Cotton cultivation is labor intensive in almost all developing countries. Cotton production demands labor starting from sowing to harvesting which includes several operations like inter-culture, spraying, hand weeding and picking. Chemical defoliants were applied to induce leaf abscission and hastening of mature-boll dehiscence with inhibition of re­growth. Their use can be instrumental in increasing the efficiency of machine harvest and fewer lodged plants. Presently, the Indian cotton industry and cotton growing farmers have to move towards mechanical harvesting by the cotton harvester. In this regard, the farmers were facing major problems at the time of harvesting due to leaf trash were remain in the cotton plants, which is reducing the quality of the produce. Foliages in the plant will disrupt the boll picking efficiency and fiber quality. Previously, scientists have conducted various studies on defoliation using different chemicals and time of defoliants application (Karademir, 2007). Among them, dropp ultra® and ethrel (ethefon) are the chemicals used as better defoliation and widely accepted across the world (Ming-wei, 2013). However, in India, the usage of defoliants could not be exploited much primarily due to their limited availability. However, recent works (Mrunalini et al., 2019 and Raghavendra et al., 2020) reported the effect of few defoliants on upland cotton in India. With these background, an experiment was conducted to study the impact of defoliants on improving defoliation capacity in cotton.
The field experiment was conducted at Department of Crop Physiology, Tamil Nadu Agricultural University, Coimbatore. In the study CO 17, a cotton variety suitable for High-Density planting was used as study material. The seeds were sown on 5th September 2018 with adapting spacing at an inter-row spacing of 100 cm and intra-row spacing of 10 cm. The experiment was carried out in a split-plot design with seven treatments, four replications and three different times of defoliants application. The main plot comprised of three stage of defoliant spray (M1 -Spray at 120 DAS, M2 -Spray at 127 DAS and M3 -Spray at 134 DAS) and the sub-plots were seven foliar treatments (S1 - Control, S2 - 2, 4 D (0.5%), S3 - Ethephon (0.5%), S4- Ethephon (0.5 %)+ TIBA (450 ppm) ,S5-Sodium chlorate (0.9 %), S6 - 6-BAP (0.1%) , S7 - Thidiazuron + Diuron (0.03%). The control treatment was sprayed with water. The defoliants were applied as a foliar spray when cotton crop attained 60% of the bolls are open. Recommended cultural practices and plant protection measures were followed throughout the crop growing season. Before treatment application, five plants were randomly tagged from the two rows at the center of each plot for the number of green leaves present. Treatment effects were detected by counting and recording the number of green leaves remaining on the same tagged plants 4, 8, 12 and 15 days after treatment.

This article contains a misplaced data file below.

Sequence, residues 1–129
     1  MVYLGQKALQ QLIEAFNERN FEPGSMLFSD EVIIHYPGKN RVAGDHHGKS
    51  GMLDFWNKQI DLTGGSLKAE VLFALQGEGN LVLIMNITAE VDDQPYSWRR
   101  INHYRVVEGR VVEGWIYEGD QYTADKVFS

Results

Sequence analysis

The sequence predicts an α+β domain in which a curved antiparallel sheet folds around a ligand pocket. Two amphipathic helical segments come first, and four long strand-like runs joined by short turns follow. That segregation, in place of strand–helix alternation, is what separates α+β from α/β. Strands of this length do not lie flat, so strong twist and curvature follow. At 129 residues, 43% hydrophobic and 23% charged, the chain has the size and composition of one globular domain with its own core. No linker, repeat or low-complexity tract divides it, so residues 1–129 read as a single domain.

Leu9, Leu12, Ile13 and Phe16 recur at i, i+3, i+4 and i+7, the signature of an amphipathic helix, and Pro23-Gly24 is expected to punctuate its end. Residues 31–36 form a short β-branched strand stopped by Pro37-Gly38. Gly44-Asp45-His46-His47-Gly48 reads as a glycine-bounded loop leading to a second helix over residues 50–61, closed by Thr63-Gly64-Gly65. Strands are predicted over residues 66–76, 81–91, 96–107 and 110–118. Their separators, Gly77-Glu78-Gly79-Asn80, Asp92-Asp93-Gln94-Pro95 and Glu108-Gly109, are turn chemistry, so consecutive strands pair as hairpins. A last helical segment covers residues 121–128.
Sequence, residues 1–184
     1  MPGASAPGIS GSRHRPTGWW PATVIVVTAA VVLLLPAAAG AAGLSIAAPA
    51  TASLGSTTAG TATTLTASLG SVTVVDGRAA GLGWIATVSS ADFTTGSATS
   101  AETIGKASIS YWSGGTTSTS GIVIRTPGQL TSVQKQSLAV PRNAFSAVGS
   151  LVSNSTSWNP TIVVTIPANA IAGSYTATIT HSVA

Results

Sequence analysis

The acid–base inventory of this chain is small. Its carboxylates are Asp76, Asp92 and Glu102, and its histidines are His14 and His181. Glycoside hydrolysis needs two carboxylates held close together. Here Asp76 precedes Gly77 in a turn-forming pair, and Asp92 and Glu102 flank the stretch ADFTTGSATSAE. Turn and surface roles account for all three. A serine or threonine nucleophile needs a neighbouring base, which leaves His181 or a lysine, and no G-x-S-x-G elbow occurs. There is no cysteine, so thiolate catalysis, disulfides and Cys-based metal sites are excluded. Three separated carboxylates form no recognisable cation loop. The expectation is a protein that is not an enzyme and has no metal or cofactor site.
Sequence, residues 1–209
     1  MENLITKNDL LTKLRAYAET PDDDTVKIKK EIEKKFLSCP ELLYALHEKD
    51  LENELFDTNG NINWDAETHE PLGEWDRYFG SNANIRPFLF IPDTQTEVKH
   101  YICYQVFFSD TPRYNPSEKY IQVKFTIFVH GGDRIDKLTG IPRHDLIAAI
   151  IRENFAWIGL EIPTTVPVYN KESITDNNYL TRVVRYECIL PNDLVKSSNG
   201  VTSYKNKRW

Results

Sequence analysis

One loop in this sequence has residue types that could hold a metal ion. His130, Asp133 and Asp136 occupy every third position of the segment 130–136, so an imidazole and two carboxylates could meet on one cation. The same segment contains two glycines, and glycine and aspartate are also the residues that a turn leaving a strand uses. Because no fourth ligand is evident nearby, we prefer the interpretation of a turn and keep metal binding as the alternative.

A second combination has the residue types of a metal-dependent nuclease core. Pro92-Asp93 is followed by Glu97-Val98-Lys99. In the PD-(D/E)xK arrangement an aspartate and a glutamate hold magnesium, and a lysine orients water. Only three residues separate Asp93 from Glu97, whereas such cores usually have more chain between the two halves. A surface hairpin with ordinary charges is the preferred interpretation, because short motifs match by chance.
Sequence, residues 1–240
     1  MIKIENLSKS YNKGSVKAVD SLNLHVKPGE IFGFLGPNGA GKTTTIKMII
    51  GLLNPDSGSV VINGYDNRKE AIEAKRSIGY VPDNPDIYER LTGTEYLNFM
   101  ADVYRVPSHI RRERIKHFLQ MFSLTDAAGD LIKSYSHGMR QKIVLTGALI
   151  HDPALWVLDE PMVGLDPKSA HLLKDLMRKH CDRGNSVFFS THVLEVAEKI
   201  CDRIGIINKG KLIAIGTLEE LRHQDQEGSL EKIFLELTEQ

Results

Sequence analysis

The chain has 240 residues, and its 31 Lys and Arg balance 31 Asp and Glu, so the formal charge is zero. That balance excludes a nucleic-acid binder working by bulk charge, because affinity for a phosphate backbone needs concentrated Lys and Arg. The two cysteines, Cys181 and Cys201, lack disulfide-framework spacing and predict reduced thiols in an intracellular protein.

The defoliation percentage was recorded at 4 days interval by counting the number of green leaves before and days after defoliation from 4 to 15 days in randomly selected 5 plants for 4 replications and the defoliation percentage was calculated by the following equation;
Where:
La = Number of leaves before treatment.
Lb = Number of leaves after treatment.

Chlorophyll Stability Index (CSI) was determined by the following method of Murthy and Majumdar (1962). The total Chlorophyll was estimated by adopting the procedure of Yoshida et al., (1971). Soluble protein content of the leaf was estimated by using Folin Ciocalteau reagent by following the procedure described by Lowry et al., (1950). The level of lipid peroxidation in the leaf tissue was measured in terms of malondialdehyde (MDA) content determined by the thiobarbituric acid (TBA) reaction (Heath and Packer, 1968). Chlorophyll fluorescence (Fv/Fm) was recorded using chlorophyll fluorescence waltz, Germay following the method advocated by (Genty et al., 1989). Seed cotton yield was determined in plots by manual harvesting of the center two rows of each plot and calculated single boll weight (g) recorded by one week after application of the last defoliation treatments. Fiber quality parameters like 2.5% S.L (mm), Bundle strength (g tex-1) and Micronaire (μg/inch) were recorded by using High Volume Instrument (HVI) method. The data collected were subjected to statistical analysis in split-plot design (Gomez and Gomez, 1984).